Taking Learning to the Next Level With These Fun Earth Day Science Experiments

Rayna Skiver - Author

Apr. 18 2023, Published 4:35 p.m. ET

Child and adult working on baking soda volcano science experiment together
Source: ISTOCK

There’s nothing better than a fun Earth Day science experiment. Talking to kids about the planet is great, but sometimes interactive experiences are the best way to learn.

These hands-on activities are pretty simple and also very engaging for all participants. If you want to make Earth Day even more exciting, check out these fantastic experiments!

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Complete the classic baking soda volcano experiment:

Kids working on a baking soda volcano experiment together
Source: ISTOCK

When you hear the words “science experiment,” a baking soda volcano is probably one of the first things to come to mind — this is probably because it’s one of the best activities out there. While it’s certainly true that it’s nothing new, that doesn’t make it any less exciting and fun for those kids who have yet to experience it.

Life Over C’s baking soda and vinegar volcano tutorial is easy to follow and only requires a few supplies. You might even have a few of the items at home already. This Earth Day experiment is an awesome and memorable way to teach kids all about volcanoes and how they work — it’s a total crowd-pleaser.

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Observe seeds grow in eggshells:

If you’re a caregiver or teacher with kids that love plants, then this eggshell seed-growing experiment from Little Bins for Little Hands is definitely one you should check out. This is an interactive way to observe and learn all about how plants grow and what conditions they thrive in.

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All you need for this activity is eggshells, soil, and seeds. To level up this activity, you could provide a magnifying glass to allow kids to make some up-close observations. As you check on the seeds each day, you could talk through the different stages of seed growth and inquire about the different changes taking place.

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Make a cloud in a jar:

This “cloud in a jar” science experiment from Homeschool On is super simple and requires very few items. For this activity, all you need is a mason jar with a lid, ice cubes, hairspray, and boiling water. Not only is this affordable, but it’s also super quick!

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While the cloud is forming, you could explain the different phases that are occurring and why these particular conditions are creating this reaction. Depending on the age of participants, this activity can be very straightforward or you can go into more depth about the science behind the experiment.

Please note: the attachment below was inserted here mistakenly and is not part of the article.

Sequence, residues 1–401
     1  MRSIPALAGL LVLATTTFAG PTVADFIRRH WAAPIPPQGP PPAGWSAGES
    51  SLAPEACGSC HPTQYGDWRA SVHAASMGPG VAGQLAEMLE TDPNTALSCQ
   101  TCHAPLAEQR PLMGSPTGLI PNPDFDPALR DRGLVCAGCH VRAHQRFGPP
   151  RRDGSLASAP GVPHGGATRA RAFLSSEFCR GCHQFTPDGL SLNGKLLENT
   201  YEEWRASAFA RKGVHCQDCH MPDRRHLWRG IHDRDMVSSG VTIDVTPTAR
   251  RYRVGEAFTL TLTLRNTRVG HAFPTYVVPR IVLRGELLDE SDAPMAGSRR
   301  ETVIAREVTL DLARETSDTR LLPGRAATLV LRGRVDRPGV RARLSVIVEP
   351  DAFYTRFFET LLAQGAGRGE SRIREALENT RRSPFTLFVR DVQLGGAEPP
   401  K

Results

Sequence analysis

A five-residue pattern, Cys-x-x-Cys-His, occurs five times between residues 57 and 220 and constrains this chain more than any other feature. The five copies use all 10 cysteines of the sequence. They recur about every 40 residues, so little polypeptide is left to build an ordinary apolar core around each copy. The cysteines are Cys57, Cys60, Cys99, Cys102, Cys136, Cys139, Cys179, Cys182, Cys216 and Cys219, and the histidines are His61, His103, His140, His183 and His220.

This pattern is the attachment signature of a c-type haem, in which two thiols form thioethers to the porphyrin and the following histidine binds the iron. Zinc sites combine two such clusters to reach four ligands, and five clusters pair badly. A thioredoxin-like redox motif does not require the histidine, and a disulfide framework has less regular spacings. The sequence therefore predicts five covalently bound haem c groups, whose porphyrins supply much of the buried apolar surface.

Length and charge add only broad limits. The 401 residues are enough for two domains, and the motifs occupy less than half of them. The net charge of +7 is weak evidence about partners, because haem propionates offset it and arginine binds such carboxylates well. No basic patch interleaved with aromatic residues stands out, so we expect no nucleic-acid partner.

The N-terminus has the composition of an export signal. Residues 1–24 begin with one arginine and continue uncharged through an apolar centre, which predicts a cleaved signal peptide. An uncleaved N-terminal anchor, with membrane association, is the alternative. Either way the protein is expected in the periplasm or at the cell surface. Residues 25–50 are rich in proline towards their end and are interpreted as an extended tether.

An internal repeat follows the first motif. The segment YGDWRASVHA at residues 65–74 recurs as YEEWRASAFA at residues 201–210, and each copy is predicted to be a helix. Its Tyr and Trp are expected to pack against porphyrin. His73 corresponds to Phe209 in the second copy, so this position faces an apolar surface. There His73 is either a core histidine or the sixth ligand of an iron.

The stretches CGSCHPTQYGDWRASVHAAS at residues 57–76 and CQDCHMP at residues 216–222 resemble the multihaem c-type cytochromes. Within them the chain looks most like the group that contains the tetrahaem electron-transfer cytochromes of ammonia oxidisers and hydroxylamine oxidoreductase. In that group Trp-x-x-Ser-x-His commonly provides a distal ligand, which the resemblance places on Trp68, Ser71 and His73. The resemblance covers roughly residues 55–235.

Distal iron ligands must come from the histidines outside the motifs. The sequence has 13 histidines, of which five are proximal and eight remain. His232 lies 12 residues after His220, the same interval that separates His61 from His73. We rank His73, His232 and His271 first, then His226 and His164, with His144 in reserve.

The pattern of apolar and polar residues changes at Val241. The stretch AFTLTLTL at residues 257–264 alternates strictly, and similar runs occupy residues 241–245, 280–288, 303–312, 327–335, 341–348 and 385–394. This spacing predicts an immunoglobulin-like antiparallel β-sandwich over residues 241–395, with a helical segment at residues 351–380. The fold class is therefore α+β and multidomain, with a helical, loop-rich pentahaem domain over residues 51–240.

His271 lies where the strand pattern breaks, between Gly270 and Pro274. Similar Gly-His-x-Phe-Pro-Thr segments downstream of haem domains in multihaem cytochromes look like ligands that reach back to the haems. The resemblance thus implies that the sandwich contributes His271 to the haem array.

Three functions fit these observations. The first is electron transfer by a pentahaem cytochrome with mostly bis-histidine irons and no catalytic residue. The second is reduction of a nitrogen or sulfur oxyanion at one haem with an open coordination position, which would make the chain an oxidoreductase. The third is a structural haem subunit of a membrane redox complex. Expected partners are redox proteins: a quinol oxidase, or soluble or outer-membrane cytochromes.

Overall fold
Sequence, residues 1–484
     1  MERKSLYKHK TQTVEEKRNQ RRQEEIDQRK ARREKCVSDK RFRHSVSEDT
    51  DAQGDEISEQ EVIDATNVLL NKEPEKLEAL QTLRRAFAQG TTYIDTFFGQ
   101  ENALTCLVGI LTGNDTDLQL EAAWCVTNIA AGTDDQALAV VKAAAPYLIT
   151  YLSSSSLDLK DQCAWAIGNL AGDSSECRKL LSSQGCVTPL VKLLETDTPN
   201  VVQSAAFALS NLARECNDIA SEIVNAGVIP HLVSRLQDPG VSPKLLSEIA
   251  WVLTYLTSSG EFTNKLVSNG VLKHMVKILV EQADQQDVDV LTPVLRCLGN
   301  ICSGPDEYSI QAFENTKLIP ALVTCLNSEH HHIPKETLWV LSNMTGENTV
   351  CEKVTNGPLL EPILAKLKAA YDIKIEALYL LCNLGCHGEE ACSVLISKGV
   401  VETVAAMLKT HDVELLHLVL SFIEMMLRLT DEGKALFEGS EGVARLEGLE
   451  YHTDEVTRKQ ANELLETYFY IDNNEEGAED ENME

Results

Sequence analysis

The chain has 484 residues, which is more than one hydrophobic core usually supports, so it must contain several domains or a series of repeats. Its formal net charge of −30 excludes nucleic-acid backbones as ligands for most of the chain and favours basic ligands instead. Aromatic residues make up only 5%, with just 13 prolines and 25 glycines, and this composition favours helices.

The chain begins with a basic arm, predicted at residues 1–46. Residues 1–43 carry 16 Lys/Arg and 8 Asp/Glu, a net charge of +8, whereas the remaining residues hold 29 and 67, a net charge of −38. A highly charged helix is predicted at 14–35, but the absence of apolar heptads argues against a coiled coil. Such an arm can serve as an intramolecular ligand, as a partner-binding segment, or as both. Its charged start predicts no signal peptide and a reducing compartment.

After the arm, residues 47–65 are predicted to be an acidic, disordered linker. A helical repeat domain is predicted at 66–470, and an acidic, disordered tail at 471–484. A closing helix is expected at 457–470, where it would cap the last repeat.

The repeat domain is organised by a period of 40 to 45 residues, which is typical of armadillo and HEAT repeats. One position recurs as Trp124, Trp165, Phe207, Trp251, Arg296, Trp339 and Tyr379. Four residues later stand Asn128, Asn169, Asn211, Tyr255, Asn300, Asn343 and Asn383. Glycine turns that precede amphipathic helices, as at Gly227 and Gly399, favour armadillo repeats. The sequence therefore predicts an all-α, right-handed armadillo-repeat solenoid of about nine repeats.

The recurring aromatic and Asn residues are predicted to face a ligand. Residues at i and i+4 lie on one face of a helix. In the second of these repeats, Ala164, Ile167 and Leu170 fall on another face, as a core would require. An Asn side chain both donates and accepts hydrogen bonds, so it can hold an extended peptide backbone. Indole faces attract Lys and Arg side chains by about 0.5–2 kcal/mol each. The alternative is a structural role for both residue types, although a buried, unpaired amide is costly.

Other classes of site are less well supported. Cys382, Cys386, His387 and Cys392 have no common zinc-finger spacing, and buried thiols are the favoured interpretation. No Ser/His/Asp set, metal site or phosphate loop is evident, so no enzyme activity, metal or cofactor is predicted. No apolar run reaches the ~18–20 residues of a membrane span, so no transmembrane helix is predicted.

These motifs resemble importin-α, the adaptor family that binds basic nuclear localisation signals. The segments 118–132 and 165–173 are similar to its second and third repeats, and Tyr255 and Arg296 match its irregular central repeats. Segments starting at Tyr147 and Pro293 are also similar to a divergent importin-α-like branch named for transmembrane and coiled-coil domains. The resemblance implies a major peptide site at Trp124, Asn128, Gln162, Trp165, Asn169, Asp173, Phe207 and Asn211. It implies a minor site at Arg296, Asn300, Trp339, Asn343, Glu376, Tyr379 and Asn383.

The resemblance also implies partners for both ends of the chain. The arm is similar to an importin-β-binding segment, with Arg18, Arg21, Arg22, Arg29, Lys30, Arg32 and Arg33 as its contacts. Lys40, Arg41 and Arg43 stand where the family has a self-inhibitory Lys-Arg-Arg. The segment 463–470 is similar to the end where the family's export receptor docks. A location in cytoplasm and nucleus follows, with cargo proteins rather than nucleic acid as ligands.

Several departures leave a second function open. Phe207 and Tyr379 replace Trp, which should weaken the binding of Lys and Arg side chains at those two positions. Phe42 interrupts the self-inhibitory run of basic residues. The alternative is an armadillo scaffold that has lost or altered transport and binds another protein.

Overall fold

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Learn about the layers of the earth with clay:

Kids typically jump at any opportunities that involve Play-Doh or clay, so this activity is definitely going to be a favorite. The Chaos and the Clutter’s layers of the Earth experiment is the perfect way to teach kids about our planet.

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All you need is some modeling clay and waxed dental floss — pretty simple, right? This is a great low-budget experiment that will keep kids totally entertained. With this activity, learning about the layers of the Earth has never been easier.

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Oil spill clean-up experiment:

This oil spill clean-up experiment from Kitchen Counter Chronicles is a great way to teach kids about a more complicated environmental topic but in an interactive way. For this one, you need a few different items: Green modeling clay, a large container, cooking oil, an ocean toy animal (or something similar), cheesecloth, dish soap, and a spoon.

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Throughout the activity, you could explain how oil spills affect animals and the environment, as well as how it’s difficult and complicated to clean them up. This experiment can work as a great conversation starter for a topic that kids might not know much about.

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